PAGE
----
Engine Failure during G/A. The reason why is because the eng.failure during approach normally asks you to select a lower flap setting (less drag) and increase you approach speed 15 to 20 Kt (in order to keep an speed appropriated to the new flap config.). In your case, you don't have the time to accelerate the aircraft.
The Eng. Failure on approach is designed to give you a better G/A performance. Let's say you are landing with Flaps 40. If you follow the Eng. Failure on App., you'll set flaps 15 while increasing your speed 15 to 20 Kt (depending on the ACFT). With this new speed and flap config. if you have to G/A, you'll select flaps 5, which will give you a much better performance. However if you Retract the Flaps to 5, but with a speed of Vref 40 + 5, you'll stall.
In your scenario, you don't have the time to acelerate this 15 or 20 Kt, therefore you have to retract the Flaps to 15 during the G/A and maintain the Vref 40 + 5.
I flew 737 many years ago, but I remember that Vref 30 + 5 = V2 of F15 Vref 15 + 5= V2 F5. This is why we can retract the flap one position during the G/A while maintaining the App speed.
I find that episode absolutely extraordinary. The whole aim of training is to practice you in separate procedures. Where procedures may overlap, discretion should be shown on your decision making process. In short, either is right. It boils down to: 1-Engine failure during a 2-eng go-around- ensure 2-eng go-around procedure is actioned, climb at Vref+5 to Aa, then clean up as for eng failure on Flap 15 take-off or 2- Engine failure on final approach- immediately prepare for GA. Inc thrust to GA thrust (note: IMO, not anywhere near needed if landing is possible), retract to Flap15, leave gear down and accel to Vref+20 (top bug+5). If decision is then to GA, confirm GA thrust set, rotate, select flaps 1, retract gear at pos climb, climb out at Vref+20 (top bug+5) to Aa.
I think either is justifiable, but I would plump for (1) as it is a more rapid reaction- (2) takes you first to a decision point of land/GA before committing to a GA as you need to do immediately anyway. However, you were caught in the gray area between 2 procedures leading to the same outcome, but enacted differently.
I think you should raise merry hell with your Chief Training Captain. If it was the Chief Training Captain involved, get your head down quietly and knock off the retake well! But my sympathies- that was very rough. The last thing you need on a check is a pedantic, PITA checker out to trap you on the letter of the law. This checker had an adverse effect on your confidence and training pulling that one on you, for no benefit to your training. Disgraceful.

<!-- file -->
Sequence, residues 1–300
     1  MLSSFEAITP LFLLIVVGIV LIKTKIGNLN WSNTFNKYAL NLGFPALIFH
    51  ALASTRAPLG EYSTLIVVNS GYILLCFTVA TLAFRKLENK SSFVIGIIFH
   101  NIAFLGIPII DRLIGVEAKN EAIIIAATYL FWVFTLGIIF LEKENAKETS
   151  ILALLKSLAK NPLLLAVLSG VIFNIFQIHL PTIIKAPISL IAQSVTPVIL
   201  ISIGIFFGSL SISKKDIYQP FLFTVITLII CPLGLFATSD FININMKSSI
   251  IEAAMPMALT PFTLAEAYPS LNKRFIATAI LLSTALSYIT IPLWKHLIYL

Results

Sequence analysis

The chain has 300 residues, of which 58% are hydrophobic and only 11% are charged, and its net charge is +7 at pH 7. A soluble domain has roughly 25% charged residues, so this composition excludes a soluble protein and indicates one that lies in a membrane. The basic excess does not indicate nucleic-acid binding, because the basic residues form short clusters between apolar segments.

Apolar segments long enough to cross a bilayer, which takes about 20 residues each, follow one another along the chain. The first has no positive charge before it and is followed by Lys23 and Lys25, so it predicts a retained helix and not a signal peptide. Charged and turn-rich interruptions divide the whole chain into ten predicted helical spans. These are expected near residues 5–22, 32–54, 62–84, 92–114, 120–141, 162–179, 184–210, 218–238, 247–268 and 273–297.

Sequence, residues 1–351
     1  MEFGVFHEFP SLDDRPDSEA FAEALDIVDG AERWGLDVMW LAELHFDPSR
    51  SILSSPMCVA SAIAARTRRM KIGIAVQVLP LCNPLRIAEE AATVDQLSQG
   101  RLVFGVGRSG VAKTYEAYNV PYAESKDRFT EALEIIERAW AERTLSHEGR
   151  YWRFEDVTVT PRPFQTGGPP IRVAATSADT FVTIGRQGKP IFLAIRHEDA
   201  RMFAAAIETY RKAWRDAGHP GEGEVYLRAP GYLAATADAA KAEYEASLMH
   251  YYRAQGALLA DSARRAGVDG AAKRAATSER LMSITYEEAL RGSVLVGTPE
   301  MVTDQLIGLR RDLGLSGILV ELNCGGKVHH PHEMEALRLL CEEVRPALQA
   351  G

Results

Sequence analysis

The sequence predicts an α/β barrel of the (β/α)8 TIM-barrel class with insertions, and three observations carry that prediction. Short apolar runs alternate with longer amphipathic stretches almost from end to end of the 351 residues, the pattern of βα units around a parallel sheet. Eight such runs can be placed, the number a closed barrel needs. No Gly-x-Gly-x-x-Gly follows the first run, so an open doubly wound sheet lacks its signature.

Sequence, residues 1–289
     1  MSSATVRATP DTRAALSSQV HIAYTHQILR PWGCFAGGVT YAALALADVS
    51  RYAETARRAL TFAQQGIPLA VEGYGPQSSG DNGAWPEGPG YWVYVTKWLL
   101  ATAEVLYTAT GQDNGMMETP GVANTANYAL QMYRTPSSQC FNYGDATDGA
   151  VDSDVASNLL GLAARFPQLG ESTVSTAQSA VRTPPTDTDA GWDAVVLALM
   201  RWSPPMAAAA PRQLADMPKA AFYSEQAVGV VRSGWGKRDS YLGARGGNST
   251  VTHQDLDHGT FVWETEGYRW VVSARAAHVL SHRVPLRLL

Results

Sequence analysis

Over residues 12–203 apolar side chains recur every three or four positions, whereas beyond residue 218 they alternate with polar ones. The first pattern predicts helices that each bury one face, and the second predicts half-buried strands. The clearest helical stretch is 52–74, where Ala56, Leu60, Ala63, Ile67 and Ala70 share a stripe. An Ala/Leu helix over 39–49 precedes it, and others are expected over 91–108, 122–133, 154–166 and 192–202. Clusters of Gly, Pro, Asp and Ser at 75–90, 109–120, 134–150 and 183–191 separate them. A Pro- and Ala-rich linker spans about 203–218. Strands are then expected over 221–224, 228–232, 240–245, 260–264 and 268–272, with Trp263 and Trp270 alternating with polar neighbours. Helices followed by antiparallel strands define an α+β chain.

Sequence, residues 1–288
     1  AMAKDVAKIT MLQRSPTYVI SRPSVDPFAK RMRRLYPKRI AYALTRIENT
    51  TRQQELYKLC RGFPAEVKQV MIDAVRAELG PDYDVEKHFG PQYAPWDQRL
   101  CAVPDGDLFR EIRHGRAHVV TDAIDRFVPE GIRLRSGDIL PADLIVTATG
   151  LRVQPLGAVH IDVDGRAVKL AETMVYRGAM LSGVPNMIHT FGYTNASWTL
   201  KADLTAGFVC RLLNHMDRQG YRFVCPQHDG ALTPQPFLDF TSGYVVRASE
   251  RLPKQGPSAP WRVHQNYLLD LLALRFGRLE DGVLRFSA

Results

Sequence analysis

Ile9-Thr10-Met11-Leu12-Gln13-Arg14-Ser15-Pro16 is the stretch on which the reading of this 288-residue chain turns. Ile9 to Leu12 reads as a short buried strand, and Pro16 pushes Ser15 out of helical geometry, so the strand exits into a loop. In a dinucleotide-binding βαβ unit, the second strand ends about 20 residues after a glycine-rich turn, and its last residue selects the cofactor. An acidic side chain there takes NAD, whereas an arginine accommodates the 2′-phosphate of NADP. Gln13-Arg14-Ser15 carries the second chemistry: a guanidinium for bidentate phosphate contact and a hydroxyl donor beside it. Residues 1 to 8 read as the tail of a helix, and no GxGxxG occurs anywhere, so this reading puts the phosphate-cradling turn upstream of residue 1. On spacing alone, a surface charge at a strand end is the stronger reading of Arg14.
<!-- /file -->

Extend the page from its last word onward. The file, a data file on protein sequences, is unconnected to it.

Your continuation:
I think what happend to you is extreme, but is an example of very good use of the simulator. As a TRE myself, I would not so much be looking for the correct answer here, but whether you were able to make a clear decision and stick with it.
The fact that you have now faced this extreme in the simulator, that you and your examiner discussed it afterwards and you are provoking a discussion on this thread is all good stuff because it may help you to be better prepared for the time that this, or something like it, occurs in the real world.
I often say to our guys, "When in Command - COMMAND" take what action you think is approrpiate, be prepared to review your decisions and stay flexible.
The hard thing to do (but the right thing) is to listen to your examiner for the positives and the negatives and test that against you internal experience and beliefs but be prepared to modify your position as other people offer advice and explanation.
The simulator, used to the max, will create conflicts especially when the instructor/examiner is pushing you to your limit. That is what it is there for. How we react is not the issue, the greater issue is do we learn from how we reacted. That is the true benefit of training and checking.
From my reading of your post you are conducting an autoland. An engine failure on an autoland requires a go-around (both engines need to be operating to conduct an autoland). So the option to continue with any flap configuration is no longer available to you. In your case the engine failed at decision, so you are going around with a failed engine, I would therefore propose that option (B) "Engine failure during a go around" would be the correct procedure. Either way a a tough call.
Location: In some hotel downroute or in some hotel doing union negotiations.
Actually you do not need both engines for an autoland, especially below 200ft. However he was probably doing training in the "normal" CAT IIIa plane scenario where it is required. Personally i would tend to do the engine failure during G/A in that case.
I'm a simple bloke; and I'm confused by the threads, and by the TRE's discussion. It sounds like a trap to me, but if you didn't bury it, I'd say good job well done.